Previous studies have also been performed in the context of electronic trading in a limit

order book (LOB), where limit orders are aggregated. Oomen models the properties

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of execution in an aggregator, and also observe the Winner’s Curse in the case where many liquidity providers (LP) are competing in the LOB [7]. Similarly, Avellaneda and Stoikov presented an inventory-based strategy for submitting bid and ask quotes in a LOB where transactions arrive as a Poisson stochastic process [8].

A recent study published by Fermanian et al. presents a modelling framework for dealer behaviour on a MD2C platform on the corporate bond market [9]. They describe likeli- hood functions for different outcomes of the auctions, and use RFQ data from Bloomberg FIT to fit the trade data to distributions that they deem suitable given the data set and required financial assumptions using maximum-likelihood. They model the dealer quotes with a Skew Exponential Power (SEP) distribution, and the customer’s reservation price, the "worst" price the customer is ready to accept, with a Gaussian distribution. The models are then extended such that covariates containing more information, such as the credit rating of the bond and notional, are included in the model and also introduce a model that incorporates the probability of a dealer participating in the RFQ when they are requested. The authors furthermore define distributions to estimate hit ratios and the "best" price that will be quoted among the competitors in the trade. The resulting models are examined with respect to the number of dealers requested for the trade to see how the dealer behaviour is affected, and they find that it indeed has an effect.

In this study, we will examine a data set of RFQs from the MD2C platform Bloomberg FIT combined with post-trade transparency reporting data from MIFID II. This com- bination allows us to see the best prices competitors have posted both in the case where the inspected dealer has won the RFQ, and in the case where the inspected dealer has lost the RFQ. With this data, we will define models that aim to fulfill two goals. The first aim is to to hit the cover price of a trade, which would allow one to win the RFQ with the smallest possible margin. We would also like to define a pricing model for hitting the cover price that at the same time takes into account the effect of the Win- ner’s Curse. The model should reduce the risk of suffering from the phenomenon while still retaining sufficient accuracy in hitting the cover price. The second aim is to define a model that allows the user to decide a target ratio of RFQs that they want to win, and then achieves a similar hit ratio on a set of trades. It would also be interesting to incorporate the Winner’s Curse effect in this model such that the dealer can protect itself from overpricing.

We will firstly fit a parametric distribution to the best prices posted out of all competitors

in each RFQ, where the data is partitioned with respect to the requested number of

dealers and the side of the trade. This represents the density of the best price that

will be sent out of all competitors in an RFQ, and can be used as a base for creating

optimal bidding models. To account for the Winner’s Curse, a proxy will be defined

using a reference price available to the bond trader when an RFQ is received. Using

the best competitor price density, we can define the probability of winning given that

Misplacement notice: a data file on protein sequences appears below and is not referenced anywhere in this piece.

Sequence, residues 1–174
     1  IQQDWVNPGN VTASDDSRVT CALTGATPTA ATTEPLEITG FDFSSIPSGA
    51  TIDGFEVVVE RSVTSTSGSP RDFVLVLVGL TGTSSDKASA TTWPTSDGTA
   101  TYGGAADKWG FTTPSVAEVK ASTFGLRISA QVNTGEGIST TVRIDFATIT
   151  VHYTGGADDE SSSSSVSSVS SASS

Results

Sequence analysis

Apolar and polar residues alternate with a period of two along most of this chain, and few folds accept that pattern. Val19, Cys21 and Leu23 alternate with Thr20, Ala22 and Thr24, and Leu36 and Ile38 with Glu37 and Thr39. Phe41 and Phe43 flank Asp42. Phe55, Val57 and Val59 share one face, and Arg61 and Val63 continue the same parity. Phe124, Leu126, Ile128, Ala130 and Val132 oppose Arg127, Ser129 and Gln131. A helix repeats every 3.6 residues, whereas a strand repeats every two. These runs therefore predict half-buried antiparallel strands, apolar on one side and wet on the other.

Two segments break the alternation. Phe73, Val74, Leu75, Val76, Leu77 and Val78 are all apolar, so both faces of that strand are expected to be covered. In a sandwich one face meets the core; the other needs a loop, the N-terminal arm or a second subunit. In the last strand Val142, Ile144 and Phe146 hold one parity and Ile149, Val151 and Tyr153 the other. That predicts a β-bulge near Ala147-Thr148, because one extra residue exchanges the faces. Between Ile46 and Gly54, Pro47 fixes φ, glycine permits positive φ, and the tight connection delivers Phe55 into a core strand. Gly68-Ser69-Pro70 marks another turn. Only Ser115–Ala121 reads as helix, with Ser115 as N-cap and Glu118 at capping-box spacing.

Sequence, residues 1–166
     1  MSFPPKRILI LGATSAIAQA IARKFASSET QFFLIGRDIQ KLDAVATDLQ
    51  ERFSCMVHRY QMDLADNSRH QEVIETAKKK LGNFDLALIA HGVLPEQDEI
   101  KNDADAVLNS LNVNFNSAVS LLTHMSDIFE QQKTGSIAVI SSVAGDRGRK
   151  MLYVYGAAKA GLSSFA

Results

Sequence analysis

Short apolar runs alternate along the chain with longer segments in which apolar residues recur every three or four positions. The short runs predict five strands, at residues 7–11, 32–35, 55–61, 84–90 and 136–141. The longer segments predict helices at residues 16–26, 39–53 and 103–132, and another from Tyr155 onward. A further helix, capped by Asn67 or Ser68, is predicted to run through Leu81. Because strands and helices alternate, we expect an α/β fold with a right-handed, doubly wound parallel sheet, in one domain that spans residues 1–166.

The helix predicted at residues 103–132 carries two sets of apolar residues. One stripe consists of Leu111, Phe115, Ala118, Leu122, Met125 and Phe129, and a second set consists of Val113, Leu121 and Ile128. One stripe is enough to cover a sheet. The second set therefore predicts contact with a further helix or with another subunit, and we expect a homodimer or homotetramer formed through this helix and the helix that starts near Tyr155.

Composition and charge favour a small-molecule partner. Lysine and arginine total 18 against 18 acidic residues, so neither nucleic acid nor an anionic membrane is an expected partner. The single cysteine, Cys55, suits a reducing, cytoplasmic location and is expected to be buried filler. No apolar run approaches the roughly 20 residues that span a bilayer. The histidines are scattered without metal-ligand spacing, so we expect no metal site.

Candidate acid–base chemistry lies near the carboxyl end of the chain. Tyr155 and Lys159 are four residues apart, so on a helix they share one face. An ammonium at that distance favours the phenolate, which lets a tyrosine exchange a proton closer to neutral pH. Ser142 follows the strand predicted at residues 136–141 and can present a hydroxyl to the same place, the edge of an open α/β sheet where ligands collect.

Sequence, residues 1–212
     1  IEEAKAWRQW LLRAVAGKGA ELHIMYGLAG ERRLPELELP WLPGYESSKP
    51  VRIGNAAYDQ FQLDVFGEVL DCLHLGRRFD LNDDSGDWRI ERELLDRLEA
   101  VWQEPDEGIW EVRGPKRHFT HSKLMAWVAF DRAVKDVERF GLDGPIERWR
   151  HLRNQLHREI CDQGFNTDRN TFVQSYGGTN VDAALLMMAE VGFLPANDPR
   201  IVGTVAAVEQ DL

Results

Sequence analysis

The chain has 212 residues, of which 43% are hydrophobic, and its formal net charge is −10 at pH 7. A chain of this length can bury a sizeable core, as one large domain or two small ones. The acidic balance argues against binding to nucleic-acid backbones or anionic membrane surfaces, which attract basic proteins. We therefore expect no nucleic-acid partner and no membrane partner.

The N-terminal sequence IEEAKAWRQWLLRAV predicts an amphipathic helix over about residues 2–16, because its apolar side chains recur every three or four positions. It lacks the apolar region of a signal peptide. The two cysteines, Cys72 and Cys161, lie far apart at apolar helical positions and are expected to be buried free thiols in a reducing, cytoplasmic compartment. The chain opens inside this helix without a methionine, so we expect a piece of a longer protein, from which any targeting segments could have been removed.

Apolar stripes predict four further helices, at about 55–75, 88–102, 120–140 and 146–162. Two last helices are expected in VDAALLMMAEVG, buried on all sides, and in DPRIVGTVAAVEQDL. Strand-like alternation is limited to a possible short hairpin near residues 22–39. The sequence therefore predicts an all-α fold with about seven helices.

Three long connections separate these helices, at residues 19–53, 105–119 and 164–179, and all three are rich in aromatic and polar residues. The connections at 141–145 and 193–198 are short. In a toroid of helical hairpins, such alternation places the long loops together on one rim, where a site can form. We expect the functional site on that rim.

a certain quote is sent. We can use the probability of winning and the Winner’s Curse

proxy to minimize the risk of being afflicted by the Winner’s Curse phenomenon in

a trade using an optimization methodology. By defining a target ratio of trades the

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dealer wants to win, we can use a similar optimization set up to estimate the quote that corresponds to winning a certain target ratio of RFQs. Furthermore, additional information included in the RFQ can be utilized as covariates to increase the accuracy of the resulting models.

Since MD2C platforms are a relatively new phenomenon, there have only been a handful of studies using this data. However, there has yet to be any study to combine this data set with trade prices yielded from the MIFID II regulatory reporting. Combining these data sets should provide a further insight into how competitors set their bids on an MD2C platform.

The rest of the study will be structured as follows. Section 2 will describe some pre-

liminaries to establish the basis for the modelling, followed by the methodology used to

set up the models in Section 3. Finally, the results will be presented in Section 4, and

conclusions in Section 5.

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2 Theory

We will start by establishing some preliminaries for the concepts used in the modelling methodology. Firstly, we will look at some economic theory, presenting how bonds are priced along with a description of how dealer markets work and can be described mathematically. Thereafter, the main mathematical backbone for the methodology will be presented, including some topics of statistics and optimization.

2.1 Dealer markets

Before the widespread electronification of trading, the main trading venue was the trad- ing floor, where dealers performed trades face-to-face with one another. These floor traders have largely been replaced by electronic limit order markets, where limit orders in the form of "Buy 200 shares at 25 SEK/share" are consolidated in limit order books (LOB). The LOB matches the first buyer and seller that have matching limit orders on each respective side. One key prerequisite for this system is that the traded security has sufficient liquidity, such that limit orders are matched within a reasonable time frame.